Is DNA your destiny when it comes to gaining weight?

Why is it that some people seem to gain weight by just looking at a piece of cake, while others can pack away large meals without packing on the pounds?

It doesn’t seem fair, but the fact is leanness comes naturally to some. And now a comprehensive new study on the genetics of obesity reveals why this might be so. The researchers identified rare gene variants that protect some lucky carriers from gaining weight.

The researchers examined mutations within genes that were associated with a lower or higher body mass index (BMI), the most reliable measure of obesity. They found 16 genes tied to BMI, some of which are expressed in the hypothalamus, the area of the brain that regulates hunger and metabolism. Those who carried variants that inactivate one of these genes—GPR75—weighed an average of 5.3 kilograms less and had half the odds of being obese compared to those with working copies of the gene. The variants that inactivate this gene are thought to be quite rare with only one in 3,000 people carrying it.

One of the impacts of this finding is that the discovery of these rare variants could lead to new medication treatments for people struggling with obesity.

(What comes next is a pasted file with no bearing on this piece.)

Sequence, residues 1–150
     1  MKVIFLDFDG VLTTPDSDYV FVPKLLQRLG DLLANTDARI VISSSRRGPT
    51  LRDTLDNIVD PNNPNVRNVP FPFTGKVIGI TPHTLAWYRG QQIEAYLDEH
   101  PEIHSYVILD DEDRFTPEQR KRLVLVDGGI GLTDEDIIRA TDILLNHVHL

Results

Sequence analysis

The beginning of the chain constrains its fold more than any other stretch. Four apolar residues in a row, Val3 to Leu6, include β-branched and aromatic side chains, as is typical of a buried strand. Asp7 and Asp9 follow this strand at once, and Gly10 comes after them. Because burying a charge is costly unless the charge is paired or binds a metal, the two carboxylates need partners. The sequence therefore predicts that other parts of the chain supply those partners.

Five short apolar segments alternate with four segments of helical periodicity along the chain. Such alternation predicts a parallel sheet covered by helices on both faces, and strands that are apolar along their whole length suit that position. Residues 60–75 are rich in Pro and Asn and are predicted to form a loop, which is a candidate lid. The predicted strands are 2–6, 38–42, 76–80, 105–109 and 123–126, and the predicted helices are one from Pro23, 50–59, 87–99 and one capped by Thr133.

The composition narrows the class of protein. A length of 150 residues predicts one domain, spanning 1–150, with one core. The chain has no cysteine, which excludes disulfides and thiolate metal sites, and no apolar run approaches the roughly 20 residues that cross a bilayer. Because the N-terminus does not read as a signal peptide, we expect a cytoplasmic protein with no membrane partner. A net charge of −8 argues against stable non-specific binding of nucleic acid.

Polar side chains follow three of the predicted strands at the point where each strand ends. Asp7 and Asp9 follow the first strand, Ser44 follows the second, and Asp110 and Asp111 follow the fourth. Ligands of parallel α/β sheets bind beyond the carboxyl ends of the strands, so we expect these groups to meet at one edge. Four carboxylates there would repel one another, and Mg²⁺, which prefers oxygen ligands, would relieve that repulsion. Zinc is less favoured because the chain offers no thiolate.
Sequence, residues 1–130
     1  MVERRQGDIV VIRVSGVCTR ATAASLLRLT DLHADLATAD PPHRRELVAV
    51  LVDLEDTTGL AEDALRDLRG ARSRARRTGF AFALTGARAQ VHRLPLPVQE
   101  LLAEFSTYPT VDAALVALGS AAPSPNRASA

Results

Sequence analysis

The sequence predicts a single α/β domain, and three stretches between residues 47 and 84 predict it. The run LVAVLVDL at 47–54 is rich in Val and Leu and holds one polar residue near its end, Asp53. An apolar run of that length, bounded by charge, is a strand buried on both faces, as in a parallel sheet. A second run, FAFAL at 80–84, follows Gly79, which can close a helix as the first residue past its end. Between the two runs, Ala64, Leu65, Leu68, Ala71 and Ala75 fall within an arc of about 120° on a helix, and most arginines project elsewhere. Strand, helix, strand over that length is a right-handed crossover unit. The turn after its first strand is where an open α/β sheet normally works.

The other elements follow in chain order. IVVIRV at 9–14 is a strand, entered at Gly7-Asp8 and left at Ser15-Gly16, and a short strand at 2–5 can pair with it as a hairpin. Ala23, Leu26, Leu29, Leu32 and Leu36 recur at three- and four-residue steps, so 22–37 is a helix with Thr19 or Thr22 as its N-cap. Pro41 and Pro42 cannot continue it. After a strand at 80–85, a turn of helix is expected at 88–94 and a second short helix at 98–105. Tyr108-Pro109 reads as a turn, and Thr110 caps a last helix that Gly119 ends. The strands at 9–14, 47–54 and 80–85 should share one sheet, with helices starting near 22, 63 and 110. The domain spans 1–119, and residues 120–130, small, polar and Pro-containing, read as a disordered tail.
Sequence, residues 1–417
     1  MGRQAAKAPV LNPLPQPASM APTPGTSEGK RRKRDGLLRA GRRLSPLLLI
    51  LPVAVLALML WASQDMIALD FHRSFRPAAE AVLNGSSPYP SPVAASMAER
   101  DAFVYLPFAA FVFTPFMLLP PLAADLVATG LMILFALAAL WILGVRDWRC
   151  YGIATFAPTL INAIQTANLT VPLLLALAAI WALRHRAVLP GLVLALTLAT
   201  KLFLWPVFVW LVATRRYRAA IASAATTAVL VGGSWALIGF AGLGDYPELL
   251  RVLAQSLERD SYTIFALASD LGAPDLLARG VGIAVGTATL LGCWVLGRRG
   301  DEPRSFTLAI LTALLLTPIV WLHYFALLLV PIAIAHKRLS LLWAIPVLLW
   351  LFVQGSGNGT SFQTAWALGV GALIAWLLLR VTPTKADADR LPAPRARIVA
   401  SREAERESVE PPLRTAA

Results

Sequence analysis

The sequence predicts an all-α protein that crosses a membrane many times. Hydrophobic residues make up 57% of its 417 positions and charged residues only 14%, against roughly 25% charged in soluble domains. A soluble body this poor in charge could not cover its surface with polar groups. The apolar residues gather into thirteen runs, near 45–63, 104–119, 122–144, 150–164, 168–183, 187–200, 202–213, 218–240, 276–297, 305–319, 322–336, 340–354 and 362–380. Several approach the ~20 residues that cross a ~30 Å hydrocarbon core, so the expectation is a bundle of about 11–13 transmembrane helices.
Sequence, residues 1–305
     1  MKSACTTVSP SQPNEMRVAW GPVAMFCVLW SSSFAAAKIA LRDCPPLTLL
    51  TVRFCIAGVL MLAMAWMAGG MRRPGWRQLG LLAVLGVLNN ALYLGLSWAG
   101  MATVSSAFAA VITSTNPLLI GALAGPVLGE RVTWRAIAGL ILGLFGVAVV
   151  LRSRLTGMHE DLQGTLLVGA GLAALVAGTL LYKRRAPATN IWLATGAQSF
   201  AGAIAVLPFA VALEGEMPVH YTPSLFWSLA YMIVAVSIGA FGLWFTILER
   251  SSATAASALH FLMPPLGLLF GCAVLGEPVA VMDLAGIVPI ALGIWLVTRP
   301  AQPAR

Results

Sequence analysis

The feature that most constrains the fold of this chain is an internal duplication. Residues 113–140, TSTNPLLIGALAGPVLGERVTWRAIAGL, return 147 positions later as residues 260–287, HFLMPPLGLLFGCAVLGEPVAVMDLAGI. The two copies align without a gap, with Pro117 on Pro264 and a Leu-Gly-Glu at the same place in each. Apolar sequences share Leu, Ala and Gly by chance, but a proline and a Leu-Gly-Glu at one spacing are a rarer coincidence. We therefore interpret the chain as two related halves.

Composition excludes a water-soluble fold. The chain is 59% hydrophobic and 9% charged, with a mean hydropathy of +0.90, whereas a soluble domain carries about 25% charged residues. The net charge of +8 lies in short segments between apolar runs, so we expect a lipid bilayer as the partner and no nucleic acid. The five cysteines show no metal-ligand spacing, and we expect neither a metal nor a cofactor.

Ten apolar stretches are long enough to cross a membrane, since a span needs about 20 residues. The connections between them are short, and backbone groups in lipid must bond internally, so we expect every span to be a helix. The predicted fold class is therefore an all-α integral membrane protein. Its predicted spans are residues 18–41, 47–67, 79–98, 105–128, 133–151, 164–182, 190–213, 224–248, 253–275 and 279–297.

And that’s good news because obesity is an epidemic. In the U.S. more than 40 percent of the population is considered obese (in Canada it’s closer to 30 percent).

At least 2.8 million people die every year from being overweight or clinically obese. Obesity increases the risk of developing type 2 diabetes, heart disease, some cancers, and even severe COVID-19. 

So is DNA destiny when it comes to gaining weight? There are many factors that determine a person’s chances of being obese, including diet, exercise and ill health. A healthy diet and regular exercise can offset a genetic predisposition but these people may have to work harder to maintain a normal weight.

Approximately 10 percent of a person’s obesity risk may be determined by their DNA, according to the authors of a 2019 study published in the journal Cell, which examined data from 2.1 million genetic variants to identify adults at risk of severe obesity.

The researchers found that a genetic predisposition to obesity begins to appear in early childhood and is often clearly evident by early adulthood — suggesting an opportunity for early intervention.

“We’ve known for a long time that some people are born with DNA predisposing them to obesity,” says one of the study authors, Dr. Amit V. Khera, a clinician and researcher at the Massachusetts General Hospital Center for Genomic Medicine. “Now, we can quantify those differences in a meaningful way, and potentially explore new routes for achieving better health.”